Friday, December 29, 2006

Escapist article on 'Boutique MMORPG'

Allen Varney over at the Escapist just posted an interesting follow up article to my Lessons from Touring Band essay. He provides some solid number and lots of wonderful examples of village games. You can read it here.

A hundred petri dishes
I'm impressed that Allen tracked down so many great examples. One thing that I noted was the fragmented nature of the market. This market is nothing like the mainstream world (aka WoW land) where you have a unified gamer press all discussing the same game. Every month that passes, I end up hearing about new titles that had existed for years, but for some reason I had never heard about. This delights me and give me great hope.

Market consolidation generally leads to the emergence of standardized product offerings. Niche games targeted at niche audiences are like a hundred petri dishes, each brewing their own particular gameplay potion.

Such companies may not create the over the top productions that you find in AAA titles, but they can prove beyond a shadow of a doubt that that new mechanics, new social systems and new business models work. Think of village game companies as a vast network of diligent prototypers. These working examples do far more to get big, risk averse money flowing (albeit slowly) towards new ventures than the most well reasoned pitch docs.

The reward? Many of the folks running these boutique shops do quite well. That also delights me.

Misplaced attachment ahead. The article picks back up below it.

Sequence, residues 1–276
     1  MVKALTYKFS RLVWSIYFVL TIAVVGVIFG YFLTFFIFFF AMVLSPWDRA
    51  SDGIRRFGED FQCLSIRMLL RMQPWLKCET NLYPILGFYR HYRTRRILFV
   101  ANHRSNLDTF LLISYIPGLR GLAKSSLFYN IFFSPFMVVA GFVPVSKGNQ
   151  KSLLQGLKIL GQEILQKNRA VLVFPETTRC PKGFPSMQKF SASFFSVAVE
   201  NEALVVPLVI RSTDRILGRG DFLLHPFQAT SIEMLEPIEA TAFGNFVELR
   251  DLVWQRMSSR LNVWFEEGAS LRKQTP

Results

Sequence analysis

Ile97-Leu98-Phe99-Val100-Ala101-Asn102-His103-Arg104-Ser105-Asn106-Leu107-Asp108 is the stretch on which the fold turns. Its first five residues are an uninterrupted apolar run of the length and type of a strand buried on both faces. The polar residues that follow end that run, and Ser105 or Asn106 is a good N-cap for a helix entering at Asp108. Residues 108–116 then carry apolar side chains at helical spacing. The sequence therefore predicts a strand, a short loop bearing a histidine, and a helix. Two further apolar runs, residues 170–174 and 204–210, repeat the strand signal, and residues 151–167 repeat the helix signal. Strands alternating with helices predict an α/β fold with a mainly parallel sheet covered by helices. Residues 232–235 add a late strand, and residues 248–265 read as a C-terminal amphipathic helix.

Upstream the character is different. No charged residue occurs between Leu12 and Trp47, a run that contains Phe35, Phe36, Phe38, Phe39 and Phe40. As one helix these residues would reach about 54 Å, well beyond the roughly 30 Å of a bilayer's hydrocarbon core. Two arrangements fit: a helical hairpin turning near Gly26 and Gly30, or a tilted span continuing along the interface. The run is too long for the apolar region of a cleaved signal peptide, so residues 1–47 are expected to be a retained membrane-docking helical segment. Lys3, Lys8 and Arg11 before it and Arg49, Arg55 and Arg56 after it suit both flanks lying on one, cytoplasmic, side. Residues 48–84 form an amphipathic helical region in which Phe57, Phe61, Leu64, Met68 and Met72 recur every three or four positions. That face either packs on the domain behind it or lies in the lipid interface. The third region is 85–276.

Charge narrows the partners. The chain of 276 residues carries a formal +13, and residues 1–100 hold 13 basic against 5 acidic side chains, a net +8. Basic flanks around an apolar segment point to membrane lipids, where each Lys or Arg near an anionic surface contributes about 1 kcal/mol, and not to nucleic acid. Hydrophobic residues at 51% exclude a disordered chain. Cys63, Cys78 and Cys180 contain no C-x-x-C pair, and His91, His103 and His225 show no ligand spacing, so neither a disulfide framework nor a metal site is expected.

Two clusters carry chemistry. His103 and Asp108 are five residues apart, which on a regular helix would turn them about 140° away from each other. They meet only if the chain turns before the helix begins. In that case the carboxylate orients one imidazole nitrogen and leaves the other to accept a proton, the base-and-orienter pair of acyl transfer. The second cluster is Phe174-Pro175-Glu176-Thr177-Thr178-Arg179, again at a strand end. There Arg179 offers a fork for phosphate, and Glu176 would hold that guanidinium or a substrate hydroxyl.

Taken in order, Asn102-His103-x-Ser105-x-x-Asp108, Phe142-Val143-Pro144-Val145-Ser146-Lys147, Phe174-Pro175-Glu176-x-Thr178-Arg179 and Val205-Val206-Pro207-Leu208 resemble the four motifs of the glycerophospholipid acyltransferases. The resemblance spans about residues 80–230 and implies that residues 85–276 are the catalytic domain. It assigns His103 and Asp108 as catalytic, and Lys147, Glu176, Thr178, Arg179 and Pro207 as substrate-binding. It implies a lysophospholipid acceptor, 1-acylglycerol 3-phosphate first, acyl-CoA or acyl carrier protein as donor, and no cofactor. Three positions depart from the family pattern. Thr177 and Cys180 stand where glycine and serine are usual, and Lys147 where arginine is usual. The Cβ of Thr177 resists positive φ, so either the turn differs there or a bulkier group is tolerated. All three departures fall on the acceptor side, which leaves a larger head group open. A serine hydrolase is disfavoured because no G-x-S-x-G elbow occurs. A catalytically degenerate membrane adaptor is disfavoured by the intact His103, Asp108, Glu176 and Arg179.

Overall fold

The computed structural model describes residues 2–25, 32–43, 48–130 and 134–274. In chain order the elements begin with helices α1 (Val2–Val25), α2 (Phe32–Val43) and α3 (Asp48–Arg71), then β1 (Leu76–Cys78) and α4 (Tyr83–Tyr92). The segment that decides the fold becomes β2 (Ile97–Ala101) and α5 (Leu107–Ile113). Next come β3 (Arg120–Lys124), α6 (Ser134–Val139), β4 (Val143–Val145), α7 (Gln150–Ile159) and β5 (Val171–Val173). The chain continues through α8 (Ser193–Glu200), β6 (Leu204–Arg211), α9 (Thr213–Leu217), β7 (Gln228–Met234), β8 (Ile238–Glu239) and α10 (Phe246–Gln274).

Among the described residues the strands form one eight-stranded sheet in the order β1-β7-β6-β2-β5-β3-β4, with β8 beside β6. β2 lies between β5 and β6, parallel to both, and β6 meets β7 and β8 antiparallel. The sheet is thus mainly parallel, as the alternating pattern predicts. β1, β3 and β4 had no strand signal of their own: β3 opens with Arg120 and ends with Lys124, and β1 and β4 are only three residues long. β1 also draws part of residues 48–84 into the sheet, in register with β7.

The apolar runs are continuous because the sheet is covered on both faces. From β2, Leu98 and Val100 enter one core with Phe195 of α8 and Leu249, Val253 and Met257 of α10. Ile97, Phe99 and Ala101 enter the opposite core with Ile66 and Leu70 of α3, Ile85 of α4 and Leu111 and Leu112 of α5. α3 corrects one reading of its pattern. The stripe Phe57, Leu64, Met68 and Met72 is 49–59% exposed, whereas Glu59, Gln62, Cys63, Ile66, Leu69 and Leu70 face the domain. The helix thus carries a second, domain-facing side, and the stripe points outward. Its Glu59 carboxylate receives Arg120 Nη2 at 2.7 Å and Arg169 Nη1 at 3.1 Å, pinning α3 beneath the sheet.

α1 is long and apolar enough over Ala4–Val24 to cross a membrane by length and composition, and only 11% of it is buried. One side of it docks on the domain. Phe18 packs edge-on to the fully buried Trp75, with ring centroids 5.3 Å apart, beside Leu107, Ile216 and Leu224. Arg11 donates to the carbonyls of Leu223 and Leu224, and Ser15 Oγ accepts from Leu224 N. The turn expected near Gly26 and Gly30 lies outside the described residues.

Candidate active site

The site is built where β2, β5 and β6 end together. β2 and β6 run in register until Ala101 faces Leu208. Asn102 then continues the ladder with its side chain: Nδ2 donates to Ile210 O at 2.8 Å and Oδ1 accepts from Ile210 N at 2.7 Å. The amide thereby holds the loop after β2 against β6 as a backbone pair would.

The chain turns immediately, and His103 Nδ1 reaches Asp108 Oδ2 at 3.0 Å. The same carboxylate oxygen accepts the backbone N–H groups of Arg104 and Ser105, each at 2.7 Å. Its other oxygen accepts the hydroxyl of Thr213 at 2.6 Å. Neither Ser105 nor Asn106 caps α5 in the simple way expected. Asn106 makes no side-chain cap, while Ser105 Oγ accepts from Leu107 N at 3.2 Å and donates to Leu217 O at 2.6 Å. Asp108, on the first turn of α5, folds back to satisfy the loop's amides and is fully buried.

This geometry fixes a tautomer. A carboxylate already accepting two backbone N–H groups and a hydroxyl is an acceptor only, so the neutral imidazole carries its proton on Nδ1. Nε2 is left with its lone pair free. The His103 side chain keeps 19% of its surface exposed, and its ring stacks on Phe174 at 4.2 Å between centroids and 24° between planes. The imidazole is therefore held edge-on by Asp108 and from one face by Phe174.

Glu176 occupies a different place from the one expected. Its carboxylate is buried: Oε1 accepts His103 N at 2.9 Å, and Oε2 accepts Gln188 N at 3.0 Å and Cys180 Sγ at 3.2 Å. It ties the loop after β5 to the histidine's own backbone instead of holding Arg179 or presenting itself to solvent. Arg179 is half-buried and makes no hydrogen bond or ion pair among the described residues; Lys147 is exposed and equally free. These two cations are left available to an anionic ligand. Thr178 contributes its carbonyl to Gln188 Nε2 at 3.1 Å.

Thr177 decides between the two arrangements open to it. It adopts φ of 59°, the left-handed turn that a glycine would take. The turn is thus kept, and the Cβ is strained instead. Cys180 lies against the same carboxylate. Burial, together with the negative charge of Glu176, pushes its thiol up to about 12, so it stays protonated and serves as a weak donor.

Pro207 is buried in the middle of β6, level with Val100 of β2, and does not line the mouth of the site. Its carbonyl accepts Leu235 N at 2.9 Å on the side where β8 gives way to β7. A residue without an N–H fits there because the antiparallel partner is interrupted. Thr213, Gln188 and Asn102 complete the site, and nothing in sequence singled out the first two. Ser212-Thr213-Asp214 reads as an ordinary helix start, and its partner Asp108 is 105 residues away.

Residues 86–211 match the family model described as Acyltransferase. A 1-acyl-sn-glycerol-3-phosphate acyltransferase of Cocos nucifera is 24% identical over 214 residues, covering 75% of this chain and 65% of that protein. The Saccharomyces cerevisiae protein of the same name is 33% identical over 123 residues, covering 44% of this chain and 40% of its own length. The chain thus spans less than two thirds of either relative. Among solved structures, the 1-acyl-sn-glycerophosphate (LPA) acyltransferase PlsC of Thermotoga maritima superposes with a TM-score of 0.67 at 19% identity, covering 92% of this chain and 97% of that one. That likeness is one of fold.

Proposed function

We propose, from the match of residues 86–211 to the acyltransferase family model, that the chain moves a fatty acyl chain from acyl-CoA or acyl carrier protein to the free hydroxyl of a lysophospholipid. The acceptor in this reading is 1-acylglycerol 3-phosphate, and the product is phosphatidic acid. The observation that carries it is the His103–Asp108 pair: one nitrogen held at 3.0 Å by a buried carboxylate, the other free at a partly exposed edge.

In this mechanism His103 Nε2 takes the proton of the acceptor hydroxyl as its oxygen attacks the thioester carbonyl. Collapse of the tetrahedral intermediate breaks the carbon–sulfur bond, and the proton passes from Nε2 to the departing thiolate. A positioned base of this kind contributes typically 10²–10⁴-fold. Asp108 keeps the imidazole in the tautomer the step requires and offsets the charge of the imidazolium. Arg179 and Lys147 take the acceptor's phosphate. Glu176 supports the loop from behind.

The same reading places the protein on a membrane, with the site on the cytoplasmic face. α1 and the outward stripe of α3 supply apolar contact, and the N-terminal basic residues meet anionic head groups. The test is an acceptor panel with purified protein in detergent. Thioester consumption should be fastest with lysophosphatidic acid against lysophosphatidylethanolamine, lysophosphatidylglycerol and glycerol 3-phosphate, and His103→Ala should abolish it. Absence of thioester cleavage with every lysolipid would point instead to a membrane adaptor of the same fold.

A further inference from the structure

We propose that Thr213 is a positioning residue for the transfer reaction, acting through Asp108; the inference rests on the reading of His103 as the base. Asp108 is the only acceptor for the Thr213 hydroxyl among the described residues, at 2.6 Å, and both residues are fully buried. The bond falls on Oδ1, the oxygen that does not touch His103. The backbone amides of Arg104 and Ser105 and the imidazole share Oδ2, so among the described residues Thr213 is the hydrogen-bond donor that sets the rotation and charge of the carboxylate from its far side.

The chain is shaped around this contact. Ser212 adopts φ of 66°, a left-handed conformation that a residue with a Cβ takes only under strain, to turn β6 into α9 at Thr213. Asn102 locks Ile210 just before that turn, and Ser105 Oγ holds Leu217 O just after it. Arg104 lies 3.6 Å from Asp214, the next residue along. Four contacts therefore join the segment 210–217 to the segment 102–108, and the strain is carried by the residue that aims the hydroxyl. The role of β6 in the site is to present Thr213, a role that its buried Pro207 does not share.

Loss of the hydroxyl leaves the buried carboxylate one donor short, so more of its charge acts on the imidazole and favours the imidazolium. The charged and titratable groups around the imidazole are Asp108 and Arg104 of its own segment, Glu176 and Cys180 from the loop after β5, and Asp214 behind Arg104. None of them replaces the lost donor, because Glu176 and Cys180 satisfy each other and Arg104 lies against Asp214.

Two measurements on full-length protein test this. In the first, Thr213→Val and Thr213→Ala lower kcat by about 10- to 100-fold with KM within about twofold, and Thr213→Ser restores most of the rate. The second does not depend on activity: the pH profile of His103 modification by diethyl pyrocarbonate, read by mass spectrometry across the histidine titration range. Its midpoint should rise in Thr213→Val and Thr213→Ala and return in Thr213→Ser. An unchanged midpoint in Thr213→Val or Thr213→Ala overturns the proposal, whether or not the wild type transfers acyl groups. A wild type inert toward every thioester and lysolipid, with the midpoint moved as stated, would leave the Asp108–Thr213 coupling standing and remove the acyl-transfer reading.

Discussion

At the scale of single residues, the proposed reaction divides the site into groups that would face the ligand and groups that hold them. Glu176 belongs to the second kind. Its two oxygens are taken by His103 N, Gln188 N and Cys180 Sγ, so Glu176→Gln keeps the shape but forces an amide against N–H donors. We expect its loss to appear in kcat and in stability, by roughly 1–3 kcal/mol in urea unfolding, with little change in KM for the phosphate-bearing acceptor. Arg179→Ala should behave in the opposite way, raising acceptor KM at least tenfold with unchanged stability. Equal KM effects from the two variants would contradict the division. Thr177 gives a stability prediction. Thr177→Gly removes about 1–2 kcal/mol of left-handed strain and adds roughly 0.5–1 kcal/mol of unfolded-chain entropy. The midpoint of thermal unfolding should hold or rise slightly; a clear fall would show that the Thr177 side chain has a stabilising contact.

Village games learn the lesson of casual games
The ease of use is also starting to improve as we see the 'pick up and play' philosophies of casual games applied to the traditionally dense MMORPG genre. I stopped by the Sherwood Forest game and was presented with a single link. Instead of jumping to the website that explained how I might, if I wanted, think about talking about trying the game, I was dumped immediately into the game world. Boom, I give a name, pick an avatar and I'm off slaying monsters.

I'd love to see this 30 second rule applied to more games. I should be playing and enjoying the game within 30 seconds of hitting the link. No fiddling with controls, waiting on loading or download screens. Portable games do it. Flash games do it. So should online games.

take care

Wednesday, December 27, 2006

The Wii Help Cat: A lesson in interaction design

The Nintendo Wii has an inexplicably complex help system. A cat wanders onto the screen periodically. If you move your cursor quickly towards the cat, he'll run away. However, if you are careful, you can sneak your cursor up on the cat, your cursor will turn into a hand and you can grab him. When you do, you get a tip about how to use the Wii dashboard.

From a simple efficiency driven point of view, this is a baroque UI that makes very little sense. Surely, just putting up a hint button that says "hint!" would have been more efficient and discoverable. This is what most programs do.

Yet, we know from long experience that no one ever reads the hints. Designers often resort to placing the hint dialog at the startup of the application so that the user is forced to jump through the hoop of reading one hint every time. Most people immediately turn this 'feature' off after using it once. Some users find it highly irritating and form the opinion that the developer is punishing them for using the product. They complain to their friends and write pissy rants to the help desk about why your product is horribly difficult to use. This is not the way to build a viral buzz.